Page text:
What I can speak to is the gorgeous new screen. The OLED’s deep blacks help keep it mostly glare free even in direct sunlight, and I was able to make out text on the screen even at as low as a 10 degree angle. The new 2880 x 1800 display also makes productivity a breeze, thanks to the extra vertical real estate the 16:10 aspect ratio provides. Typing this up hands-on, for instance, felt more like I was working on an actual piece of paper than past laptop screens. Gamers should also get a kick out of the increased resolution, enabling them to hit 1440p and beyond. It’s arguable whether the system’s internals can support that, though, depending on which game you’re playing and how high you like to push your settings. Again, we’ll have to wait until the full review to discuss that.
To me, this OLED screen would be the main reason to upgrade, though if you’re a stickler for high refresh rates, you can also get an IPS screen with a 2560 x 1600 display that goes up to 165Hz. As it stands, the OLED screen can only go up to 90Hz, which is higher than the 60fps standard but is becoming more common even among non-gaming devices.
While I couldn’t run benchmarks, I put both the screen and the speakers to the test by watching the music video for Industry Baby by Lil Nas X. Colors were deep and accurate, whether in a well-lit scene or a scene bathed in shadow, and I could easily make out details like the grills on the rapper’s teeth. Unfortunately, the speakers sounded echo-y and tinny, though they got loud enough that I could make out the song’s lyrics across my entire 2-bedroom apartment.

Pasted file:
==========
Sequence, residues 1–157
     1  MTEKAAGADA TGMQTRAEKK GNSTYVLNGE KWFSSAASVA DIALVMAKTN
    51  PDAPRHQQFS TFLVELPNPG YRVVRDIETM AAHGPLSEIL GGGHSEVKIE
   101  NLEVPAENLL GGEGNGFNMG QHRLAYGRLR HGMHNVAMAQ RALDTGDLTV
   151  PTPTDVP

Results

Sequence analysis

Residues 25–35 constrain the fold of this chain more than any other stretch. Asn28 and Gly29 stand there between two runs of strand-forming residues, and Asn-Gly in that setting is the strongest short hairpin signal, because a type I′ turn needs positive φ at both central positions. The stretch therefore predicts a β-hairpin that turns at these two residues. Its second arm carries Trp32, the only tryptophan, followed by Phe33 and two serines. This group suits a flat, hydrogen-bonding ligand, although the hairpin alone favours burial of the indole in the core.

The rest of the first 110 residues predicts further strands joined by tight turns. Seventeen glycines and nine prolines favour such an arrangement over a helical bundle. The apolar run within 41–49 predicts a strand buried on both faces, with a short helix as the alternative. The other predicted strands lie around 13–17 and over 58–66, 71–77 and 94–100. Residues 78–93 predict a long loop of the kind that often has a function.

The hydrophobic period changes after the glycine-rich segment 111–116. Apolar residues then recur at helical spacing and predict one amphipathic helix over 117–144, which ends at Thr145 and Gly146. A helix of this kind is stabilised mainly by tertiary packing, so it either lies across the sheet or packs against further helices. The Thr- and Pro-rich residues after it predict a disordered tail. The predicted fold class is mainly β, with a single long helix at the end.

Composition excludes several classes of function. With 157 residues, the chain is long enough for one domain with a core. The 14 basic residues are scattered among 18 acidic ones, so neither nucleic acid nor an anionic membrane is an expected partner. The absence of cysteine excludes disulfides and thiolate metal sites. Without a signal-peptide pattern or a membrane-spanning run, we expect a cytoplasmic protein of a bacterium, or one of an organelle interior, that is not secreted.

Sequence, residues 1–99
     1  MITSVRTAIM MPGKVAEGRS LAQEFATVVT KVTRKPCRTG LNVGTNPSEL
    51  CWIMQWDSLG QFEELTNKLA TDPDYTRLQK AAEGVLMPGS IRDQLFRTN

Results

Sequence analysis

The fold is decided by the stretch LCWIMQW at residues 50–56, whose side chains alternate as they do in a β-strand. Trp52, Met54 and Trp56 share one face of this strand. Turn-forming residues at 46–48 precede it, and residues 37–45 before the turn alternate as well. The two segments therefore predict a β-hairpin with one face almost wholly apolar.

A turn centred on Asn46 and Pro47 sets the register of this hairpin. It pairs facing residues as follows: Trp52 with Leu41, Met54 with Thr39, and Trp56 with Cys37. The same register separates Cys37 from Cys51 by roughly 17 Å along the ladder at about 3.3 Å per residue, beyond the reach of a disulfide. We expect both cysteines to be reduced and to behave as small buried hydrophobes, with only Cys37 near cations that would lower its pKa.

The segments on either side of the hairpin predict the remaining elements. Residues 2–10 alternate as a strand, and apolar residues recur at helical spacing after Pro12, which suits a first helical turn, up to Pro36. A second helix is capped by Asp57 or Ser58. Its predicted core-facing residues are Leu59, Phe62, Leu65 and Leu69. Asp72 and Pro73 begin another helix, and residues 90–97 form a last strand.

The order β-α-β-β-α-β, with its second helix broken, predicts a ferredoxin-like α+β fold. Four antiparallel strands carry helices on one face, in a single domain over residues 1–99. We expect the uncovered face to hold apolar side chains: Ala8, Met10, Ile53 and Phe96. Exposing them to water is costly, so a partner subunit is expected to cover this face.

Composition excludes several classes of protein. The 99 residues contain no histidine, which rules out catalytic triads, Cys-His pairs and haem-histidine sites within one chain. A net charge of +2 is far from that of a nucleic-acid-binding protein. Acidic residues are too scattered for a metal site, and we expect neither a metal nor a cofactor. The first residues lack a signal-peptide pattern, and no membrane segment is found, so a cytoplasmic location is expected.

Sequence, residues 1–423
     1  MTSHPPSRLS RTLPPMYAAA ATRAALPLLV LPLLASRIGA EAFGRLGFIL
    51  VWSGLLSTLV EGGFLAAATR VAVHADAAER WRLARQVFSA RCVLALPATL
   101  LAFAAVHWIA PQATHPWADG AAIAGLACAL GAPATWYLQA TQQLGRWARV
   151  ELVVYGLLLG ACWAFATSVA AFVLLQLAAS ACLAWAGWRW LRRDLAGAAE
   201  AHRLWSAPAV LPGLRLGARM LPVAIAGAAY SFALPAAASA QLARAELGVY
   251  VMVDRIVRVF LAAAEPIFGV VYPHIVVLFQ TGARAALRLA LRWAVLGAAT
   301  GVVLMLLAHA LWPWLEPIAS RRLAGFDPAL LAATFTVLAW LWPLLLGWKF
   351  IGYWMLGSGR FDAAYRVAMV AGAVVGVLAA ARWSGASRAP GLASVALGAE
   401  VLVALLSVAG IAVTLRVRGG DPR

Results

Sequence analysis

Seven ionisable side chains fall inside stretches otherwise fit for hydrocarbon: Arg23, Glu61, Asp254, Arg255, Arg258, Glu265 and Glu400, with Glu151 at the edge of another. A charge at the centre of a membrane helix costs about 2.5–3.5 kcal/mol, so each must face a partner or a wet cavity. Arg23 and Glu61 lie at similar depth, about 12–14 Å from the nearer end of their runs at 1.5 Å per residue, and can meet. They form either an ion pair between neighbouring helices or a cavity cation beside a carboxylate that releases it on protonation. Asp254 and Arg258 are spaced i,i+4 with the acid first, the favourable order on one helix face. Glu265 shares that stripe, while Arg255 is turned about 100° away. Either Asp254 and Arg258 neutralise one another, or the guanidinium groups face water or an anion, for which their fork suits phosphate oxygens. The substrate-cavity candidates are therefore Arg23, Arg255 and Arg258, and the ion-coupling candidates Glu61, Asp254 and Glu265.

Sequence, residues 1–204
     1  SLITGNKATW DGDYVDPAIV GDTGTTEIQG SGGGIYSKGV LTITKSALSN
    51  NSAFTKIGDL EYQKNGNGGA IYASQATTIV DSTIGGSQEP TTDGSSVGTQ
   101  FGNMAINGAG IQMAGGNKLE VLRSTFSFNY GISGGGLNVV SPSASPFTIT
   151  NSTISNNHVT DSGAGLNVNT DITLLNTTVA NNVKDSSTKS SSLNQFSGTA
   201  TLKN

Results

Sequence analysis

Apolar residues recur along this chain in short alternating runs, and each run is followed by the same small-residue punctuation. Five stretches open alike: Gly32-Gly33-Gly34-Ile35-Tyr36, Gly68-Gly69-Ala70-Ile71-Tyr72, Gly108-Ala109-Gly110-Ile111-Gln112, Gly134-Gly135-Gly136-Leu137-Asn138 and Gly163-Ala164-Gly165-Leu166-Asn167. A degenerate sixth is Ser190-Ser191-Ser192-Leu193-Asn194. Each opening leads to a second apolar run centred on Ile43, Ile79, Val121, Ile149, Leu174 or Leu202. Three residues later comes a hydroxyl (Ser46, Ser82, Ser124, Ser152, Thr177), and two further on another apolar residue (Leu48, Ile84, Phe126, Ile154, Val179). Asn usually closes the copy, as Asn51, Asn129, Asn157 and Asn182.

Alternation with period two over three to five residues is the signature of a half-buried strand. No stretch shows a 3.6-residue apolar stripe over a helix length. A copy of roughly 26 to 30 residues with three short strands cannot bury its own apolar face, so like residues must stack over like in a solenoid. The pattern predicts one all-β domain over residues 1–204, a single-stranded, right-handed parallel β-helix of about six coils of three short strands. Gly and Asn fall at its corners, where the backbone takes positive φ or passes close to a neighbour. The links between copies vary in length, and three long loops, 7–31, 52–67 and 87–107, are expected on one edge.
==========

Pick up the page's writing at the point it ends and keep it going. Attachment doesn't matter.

Fan noise, unfortunately, was about on par with last year’s model. That’s to be expected, given that the chassis and cooling tech hasn’t changed and that the components are more powerful. The Turbo button, a common feature on Acer laptops that supposedly overclocks the CPU for you, is also here. But note that pressing it will push the fans from being a mild irritation to a full-on menace. There’s also a quiet mode available for when you’re in class, but you can still expect the computer to push out about as much noise as a small desk fan even when in this mode. The “custom” mode gives you enough control to limit this noise, but limiting it too much could reduce your system’s lifespan.
I should note, again, that all of these observations were made with a sample unit, and Acer does have time to change things before the Triton 300 SE releases.
The updated Predator Triton 300 SE once again wows on size and weight, and is in fact so light that I was able to use my backpack as an impromptu umbrella by holding it over my head during a rainstorm, even though it had this laptop and a Macbook Air in it.
Overall, new additions like the OLED display are both well executed here and help make this update more than just a general refresh. This laptop also doesn’t seem to be losing any of its previous strengths. You’ll likely still have to contend with compromises to speakers and heavy fan noise even once the final build is released, but we’re excited to see performant small form factor PC gaming getting some care and attention outside of exclusive brands like Alienware or handheld specialty devices like the Steam Deck.